Brazil Collections

Material records of pre-contact cultures include polychrome pottery excavated from artificial earth mounds on Marajó Island, at the mouth of the Amazon. These well-preserved vessels hint at Brazilian lifeways over a 700-year span in the first millennium A.D.

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Material records of pre-contact cultures include polychrome pottery excavated from artificial earth mounds on Marajó Island, at the mouth of the Amazon. These well-preserved vessels hint at Brazilian lifeways over a 700-year span in the first millennium A.D.

This collection is comprised of select, well preserved archaeological and ethnographic objects from the Amazon and Central Brazil. It includes fifty important vessels of polychrome archaeological pottery from Marajo Island, excavated around 1918 by anthropologist William Farabee of the University Museum, University of Pennsylvania. The pottery, excavated from well-known artificial earth mounds at the mouth of the Amazon, dates to AD 400-1100.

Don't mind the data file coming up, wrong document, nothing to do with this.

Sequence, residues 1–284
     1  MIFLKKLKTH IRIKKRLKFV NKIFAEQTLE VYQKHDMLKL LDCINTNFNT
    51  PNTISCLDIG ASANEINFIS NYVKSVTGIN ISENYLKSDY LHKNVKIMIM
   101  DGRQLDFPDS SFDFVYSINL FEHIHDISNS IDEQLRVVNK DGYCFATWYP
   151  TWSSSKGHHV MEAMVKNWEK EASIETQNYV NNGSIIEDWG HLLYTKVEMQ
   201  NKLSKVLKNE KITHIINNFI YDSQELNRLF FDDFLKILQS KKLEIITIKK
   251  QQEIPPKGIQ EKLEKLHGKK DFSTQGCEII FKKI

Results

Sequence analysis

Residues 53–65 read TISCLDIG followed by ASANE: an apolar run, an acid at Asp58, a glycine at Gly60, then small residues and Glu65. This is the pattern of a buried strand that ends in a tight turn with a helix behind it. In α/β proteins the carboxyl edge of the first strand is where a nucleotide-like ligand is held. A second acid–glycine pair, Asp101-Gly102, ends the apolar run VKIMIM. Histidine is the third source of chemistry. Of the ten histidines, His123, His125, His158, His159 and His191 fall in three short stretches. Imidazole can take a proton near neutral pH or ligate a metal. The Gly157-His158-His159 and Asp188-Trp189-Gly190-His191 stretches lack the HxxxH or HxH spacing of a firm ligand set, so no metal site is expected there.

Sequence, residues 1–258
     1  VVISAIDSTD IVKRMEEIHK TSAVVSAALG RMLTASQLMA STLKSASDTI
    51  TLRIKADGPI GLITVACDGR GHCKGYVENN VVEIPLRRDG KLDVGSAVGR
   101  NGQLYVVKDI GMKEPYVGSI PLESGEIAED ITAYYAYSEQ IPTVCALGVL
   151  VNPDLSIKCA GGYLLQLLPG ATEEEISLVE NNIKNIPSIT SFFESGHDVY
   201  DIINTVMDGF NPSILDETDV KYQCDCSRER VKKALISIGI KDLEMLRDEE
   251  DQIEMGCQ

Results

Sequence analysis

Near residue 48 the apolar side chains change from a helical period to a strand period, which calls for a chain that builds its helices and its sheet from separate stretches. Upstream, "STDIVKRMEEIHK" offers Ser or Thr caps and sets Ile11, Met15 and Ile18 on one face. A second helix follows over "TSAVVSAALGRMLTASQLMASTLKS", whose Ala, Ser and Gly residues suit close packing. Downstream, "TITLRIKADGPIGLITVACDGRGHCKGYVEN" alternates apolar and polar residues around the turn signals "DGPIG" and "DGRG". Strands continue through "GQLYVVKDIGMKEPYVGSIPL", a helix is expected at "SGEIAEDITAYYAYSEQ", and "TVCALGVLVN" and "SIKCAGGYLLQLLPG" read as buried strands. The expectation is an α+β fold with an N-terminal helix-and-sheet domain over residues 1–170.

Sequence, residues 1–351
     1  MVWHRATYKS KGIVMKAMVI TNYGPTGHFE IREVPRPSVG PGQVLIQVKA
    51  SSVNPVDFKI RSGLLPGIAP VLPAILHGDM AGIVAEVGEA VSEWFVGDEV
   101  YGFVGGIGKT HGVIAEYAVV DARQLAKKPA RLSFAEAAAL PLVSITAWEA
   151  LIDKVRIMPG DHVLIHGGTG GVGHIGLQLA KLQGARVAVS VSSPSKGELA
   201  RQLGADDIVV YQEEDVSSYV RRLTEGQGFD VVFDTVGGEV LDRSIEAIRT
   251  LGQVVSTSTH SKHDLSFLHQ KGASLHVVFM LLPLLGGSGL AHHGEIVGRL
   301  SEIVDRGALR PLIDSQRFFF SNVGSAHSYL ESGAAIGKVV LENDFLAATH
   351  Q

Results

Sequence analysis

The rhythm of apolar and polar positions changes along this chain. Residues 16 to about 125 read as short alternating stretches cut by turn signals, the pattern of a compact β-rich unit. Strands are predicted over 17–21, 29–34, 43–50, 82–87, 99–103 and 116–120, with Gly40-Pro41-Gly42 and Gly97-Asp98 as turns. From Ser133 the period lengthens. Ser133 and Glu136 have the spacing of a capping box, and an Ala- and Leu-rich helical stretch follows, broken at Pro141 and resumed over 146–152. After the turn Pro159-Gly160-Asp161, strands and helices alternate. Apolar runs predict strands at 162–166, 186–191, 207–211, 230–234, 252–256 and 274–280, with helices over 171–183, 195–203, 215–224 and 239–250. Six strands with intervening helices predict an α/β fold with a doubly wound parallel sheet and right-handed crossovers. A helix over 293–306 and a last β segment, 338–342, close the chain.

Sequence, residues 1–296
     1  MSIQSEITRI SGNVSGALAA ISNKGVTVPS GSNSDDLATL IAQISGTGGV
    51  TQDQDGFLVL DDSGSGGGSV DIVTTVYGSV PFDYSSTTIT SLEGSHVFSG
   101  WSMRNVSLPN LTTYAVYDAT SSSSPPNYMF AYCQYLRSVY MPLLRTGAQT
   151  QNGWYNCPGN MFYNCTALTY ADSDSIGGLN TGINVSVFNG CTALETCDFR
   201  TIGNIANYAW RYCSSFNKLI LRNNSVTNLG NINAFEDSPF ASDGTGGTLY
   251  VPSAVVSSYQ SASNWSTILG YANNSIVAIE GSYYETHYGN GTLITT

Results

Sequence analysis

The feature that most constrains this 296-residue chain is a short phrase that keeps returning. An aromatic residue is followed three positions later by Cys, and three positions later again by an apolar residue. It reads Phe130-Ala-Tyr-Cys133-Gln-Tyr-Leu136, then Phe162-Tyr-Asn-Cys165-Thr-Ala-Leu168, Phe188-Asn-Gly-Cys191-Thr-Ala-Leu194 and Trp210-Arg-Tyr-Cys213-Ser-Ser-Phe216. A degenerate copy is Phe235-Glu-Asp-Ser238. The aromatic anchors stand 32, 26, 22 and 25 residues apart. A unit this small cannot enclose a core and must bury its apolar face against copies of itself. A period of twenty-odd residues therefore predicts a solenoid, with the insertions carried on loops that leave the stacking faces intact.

The Brazilian collection, specifically its ethnographic material, also includes more than 200 items of ceremonial paraphernalia and musical instruments from Tukanoan and Arawakan speaking Indians of the Northwest Amazon region; more than 200 articles of dress, artwork, containers, and tools for daily living from native tribes and rural peoples of the Middle and Lower Amazon and Northeast Brazil, including the well-known Caraja and Tapirape Indians and lesser known groups such as the Karapana. Theodor Koch-Gruneberg collected many of the objects from the Northwest Amazon, while the Museum acquired its Caraja collection from the collections of Erland Nordenskiold, an important synthesizer of South American anthropology, which were previously held at the Goteborg Ethnographic Museum.

More recent collections from the eighteenth- to twentieth-century are a testament to the resilience of Latin America's indigenous cultures and to the lessons we have still to learn from them. Among the most outstanding are clothing, tools, decorated vessels, ceremonial paraphernalia, and musical instruments from native and rural peoples of Amazonian Brazil. These beautiful objects show the ingenious use of natural materials, such as the bright feathers of toucans and parrots, and are a reminder of the current struggles of indigenous cultures for identity and human rights.


 

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